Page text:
Randy Travis is the new “Modern Era” inductee into the Country Music Hall of Fame.
The announcement came Tuesday morning (3-29) at a press conference in the Hall of Fame rotunda in Nashville hosted by Hall of Famer Brenda Lee. Other inductees included Charlie Daniels in the Veteran Era, and label owner and DJ Fred Foster in the non-performer category.
“Thank you,” Randy said simply … the first public words Randy has spoken since suffering a stroke in 2013.
Before there was Garth Brooks, Alan Jackson, Clint Black, Brooks & Dunn, and the other big commercial powerhouses of country music in the late 80’s and early 90’s, there was Randy Travis setting the table for them all, revitalizing the neotraditional sound in country music, opening the door for a new era where country music would reach its commercial pinnacle, and playing a pivotal role in the history of the genre.
“Randy Travis cleared the whole way for the 80’s for guys like me and the class of ’89 to come through,” Garth Brooks said upon his own induction in 2012. Garth believed Randy should have been inducted before him, and now they both share the distinction. Many of the eligible and recently inducted members to the Hall of Fame in the Modern Era category directly owe at least a portion of their success to Randy Travis.
Beyond the importance Randy Travis had for country music in the mid and late 80’s, his list of accolades and awards are startling. 23 #1 hits, 50 charting singles, 25 million records sold, six #1 albums, six CMA Awards including consecutive Male Vocalist of the Year trophies in 1987 and 1988, and six Grammy Awards only tell part of the story of the impact Randy Travis had.
Born Randy Bruce Traywick on May 4, 1959 in Marshville, North Carolina, he moved to Nashville in 1982, and initially was rejected by every major label in town for being too country. Travis worked as a cook at the Nashville Palace and moonlighted as a singer, releasing a live record from the location that finally put Randy on the radar of Warner Bros. Records. His major label debut, Storms of Life, sold over 4 million copies and launched two #1 songs, “On The Other Hand” and “Diggin’ Up Bones.” Nine out of Randy’s next 10 singles would also hit #1, and soon he would be cemented as one of the seminal voices in country music of all time.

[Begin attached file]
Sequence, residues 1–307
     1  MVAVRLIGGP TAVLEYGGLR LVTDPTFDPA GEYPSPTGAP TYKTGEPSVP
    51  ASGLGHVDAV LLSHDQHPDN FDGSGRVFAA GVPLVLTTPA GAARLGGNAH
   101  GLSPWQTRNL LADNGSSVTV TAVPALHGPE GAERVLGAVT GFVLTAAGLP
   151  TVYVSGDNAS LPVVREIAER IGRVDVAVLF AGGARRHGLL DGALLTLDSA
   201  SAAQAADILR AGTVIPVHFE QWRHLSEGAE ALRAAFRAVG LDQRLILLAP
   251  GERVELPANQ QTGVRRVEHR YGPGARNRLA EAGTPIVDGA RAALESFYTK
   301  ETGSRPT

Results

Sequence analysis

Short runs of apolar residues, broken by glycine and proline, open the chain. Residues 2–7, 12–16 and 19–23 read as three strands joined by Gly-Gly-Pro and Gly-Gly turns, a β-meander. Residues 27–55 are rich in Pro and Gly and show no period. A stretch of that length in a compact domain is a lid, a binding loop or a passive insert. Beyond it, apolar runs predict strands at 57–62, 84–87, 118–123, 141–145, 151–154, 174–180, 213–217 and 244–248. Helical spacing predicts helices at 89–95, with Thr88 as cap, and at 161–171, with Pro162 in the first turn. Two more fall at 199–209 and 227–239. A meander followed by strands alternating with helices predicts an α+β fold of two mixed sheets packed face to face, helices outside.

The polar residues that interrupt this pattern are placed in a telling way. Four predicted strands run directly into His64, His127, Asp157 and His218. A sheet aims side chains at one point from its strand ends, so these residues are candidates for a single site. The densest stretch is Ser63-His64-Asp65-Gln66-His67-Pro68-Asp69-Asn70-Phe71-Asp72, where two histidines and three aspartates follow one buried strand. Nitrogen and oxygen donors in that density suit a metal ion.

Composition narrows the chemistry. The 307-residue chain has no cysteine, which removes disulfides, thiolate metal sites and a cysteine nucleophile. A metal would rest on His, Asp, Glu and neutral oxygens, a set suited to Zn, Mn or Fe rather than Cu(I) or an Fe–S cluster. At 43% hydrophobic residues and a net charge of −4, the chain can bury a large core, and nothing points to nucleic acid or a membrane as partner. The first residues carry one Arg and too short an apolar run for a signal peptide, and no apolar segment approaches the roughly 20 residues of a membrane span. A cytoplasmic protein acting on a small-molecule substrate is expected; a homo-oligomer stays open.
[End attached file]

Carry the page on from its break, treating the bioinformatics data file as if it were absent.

Travis would remain commercially relevant all the way through the 90’s and into the early 2000’s when he scored his final #1 song “Three Wooden Crosses” in 2002. Into the mid 2000’s, his commercial performance began to taper off, but he continued to be a fan favorite and beloved performer. On July 7, 2013, Travis was admitted to a hospital in the Dallas area for viral cardiomyopathy, or a weakening of the heart muscle. Three days later Travis had a major stroke and was forced to undergo emergency surgery to relieve pressure in his brain. The health problems left Travis partially paralyzed and unable to speak, but he has slowly been making progress due to physical therapy.
Though personal issues and his health problems have kept Travis out of the spotlight recently, his induction to the Hall of Fame is a decision that should be met with universal consensus.